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9

By the Cauchy Schwarz Inequality, for any integrable function $f(x)$: $\displaystyle\left(\int_a^b f(x) \cdot f(x)^2\,dx\right)^2 \le \left(\int_a^b f(x)^2\,dx\right) \left(\int_a^b (f(x)^2)^2\,dx\right)$ $\displaystyle\left(\int_a^b f(x)^3\,dx\right)^2 \le \left(\int_a^b f(x)^2\,dx\right) \left(\int_a^b f(x)^4\,dx\right)$ But by the given conditions, we ...


6

Not only is $f$ constant, that constant is either $0$ or $1$. $$ \begin{align} \int_a^b\left[f(x)^2-f(x)\right]^2\,\mathrm{d}x &=\int_a^b\left[f(x)^4-2f(x)^3+f(x)^2\right]\,\mathrm{d}x\\ &=0 \end{align} $$ Thus, $(f(x)-1)f(x)=0$ for almost all $x\in[a,b]$. Since $f$ is continuous, we have either $f(x)=0$ for $x\in[a,b]$ or $f(x)=1$ for $x\in[a,b]$.


6

These are some reasons that I can see at the moment (In the case I recall something else it shall be added to this list): 1) In fact any signal in reality is a function in $L^2(I)$ where $I$ is a time interval, since its energy or power is finite, i.e. $$ \int_I |x(t)|^2 {\rm d}t < \infty $$ 2) The Fourier series intrinsically means that any periodic ...


6

It's a matter of convention. Indeed, when you say $f(x) = 1/x$, you've not really specified $f$ (it might, for example, only be defined on the domain $x > 4.7$), but by convention, we treat the domain as "as much of the reals as possible" and infer that it's therefore all of $\mathbb R$. (Slightly amended) When you say that $f \circ g (x) = x$, you've ...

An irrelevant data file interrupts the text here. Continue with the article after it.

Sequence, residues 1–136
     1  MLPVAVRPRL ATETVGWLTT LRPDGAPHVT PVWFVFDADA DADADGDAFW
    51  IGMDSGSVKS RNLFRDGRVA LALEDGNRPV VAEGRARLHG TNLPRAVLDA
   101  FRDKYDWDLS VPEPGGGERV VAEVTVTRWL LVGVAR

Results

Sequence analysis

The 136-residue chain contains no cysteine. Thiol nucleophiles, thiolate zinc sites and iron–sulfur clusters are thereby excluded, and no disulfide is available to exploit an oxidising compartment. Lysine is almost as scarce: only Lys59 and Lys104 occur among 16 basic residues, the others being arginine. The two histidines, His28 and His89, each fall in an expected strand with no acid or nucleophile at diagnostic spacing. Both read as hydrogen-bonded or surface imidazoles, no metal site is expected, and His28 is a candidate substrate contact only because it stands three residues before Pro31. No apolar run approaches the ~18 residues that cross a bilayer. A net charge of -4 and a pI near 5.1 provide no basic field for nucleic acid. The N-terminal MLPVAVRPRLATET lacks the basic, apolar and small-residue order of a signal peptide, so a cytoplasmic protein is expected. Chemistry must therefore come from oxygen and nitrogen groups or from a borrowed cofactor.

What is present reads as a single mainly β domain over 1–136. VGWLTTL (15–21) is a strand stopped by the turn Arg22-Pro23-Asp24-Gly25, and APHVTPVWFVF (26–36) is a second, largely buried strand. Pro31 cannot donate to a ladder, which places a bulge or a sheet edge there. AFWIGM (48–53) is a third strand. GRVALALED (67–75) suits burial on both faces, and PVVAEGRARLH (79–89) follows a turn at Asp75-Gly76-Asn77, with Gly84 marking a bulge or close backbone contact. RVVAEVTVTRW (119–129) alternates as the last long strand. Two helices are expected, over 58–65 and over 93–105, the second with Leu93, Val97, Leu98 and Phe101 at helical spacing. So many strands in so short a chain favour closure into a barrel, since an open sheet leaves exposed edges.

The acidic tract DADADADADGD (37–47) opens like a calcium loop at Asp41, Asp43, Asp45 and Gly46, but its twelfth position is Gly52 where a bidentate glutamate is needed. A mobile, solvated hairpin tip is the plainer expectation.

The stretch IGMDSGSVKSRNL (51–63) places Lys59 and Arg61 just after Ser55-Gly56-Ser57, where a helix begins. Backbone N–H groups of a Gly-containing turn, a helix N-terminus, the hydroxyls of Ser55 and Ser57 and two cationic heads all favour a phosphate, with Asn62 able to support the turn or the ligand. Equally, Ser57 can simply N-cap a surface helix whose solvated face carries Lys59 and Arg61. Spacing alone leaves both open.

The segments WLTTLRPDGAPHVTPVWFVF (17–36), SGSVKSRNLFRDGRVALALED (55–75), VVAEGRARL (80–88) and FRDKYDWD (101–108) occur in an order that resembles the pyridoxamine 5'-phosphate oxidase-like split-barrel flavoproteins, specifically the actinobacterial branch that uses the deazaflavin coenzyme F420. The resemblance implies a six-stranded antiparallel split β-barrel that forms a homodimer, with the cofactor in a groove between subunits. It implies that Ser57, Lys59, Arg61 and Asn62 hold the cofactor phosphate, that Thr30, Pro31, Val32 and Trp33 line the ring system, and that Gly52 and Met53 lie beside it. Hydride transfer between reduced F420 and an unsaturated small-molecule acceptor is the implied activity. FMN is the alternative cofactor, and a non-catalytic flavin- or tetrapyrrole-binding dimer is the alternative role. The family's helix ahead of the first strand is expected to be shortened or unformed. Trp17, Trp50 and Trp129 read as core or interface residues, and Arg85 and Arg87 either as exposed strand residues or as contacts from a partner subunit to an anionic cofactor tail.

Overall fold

5

Hint. Let $x = a-b$, and use $\langle y,y\rangle = 0 \iff y = 0$.


5

The matrix $$ A= \begin{pmatrix} 0 & 1 \\ 0 & 0 \end{pmatrix} $$ is a counter-example: $$ \|A\|_2^2 = \|A^TA\|_2^2 = \|A^T\|_2\|A\|_2=1, $$ but $$ \|A^2\|_2=0 $$


5

The statement is equivalent to the Continuum hypothesis. Indeed, taking a quotient cannot increase the density character, and the density character of $l_\infty$ is $c$. This gives one implication. If $\aleph_1=c$, then pick a dense subset of cardinality $\aleph_1$ in the unit ball of $l_\infty$. Map the standard basis vectors of $l_1(\aleph_1)$ ...


5

No. Nonlinear transformations and weak convergence go together like drinking and driving. For example, let $r_k$ be the $k$th Rademacher function on $[0,1]$, that is $r_k = \operatorname{sign}\sin ( 2^k \pi x) $. Then $2^p r_k \rightharpoonup 2^{p-1}\mathbf {1}$ in $L^1$, where $\mathbf{1}$ is the constant function equal to $1$. On the other hand, ...


5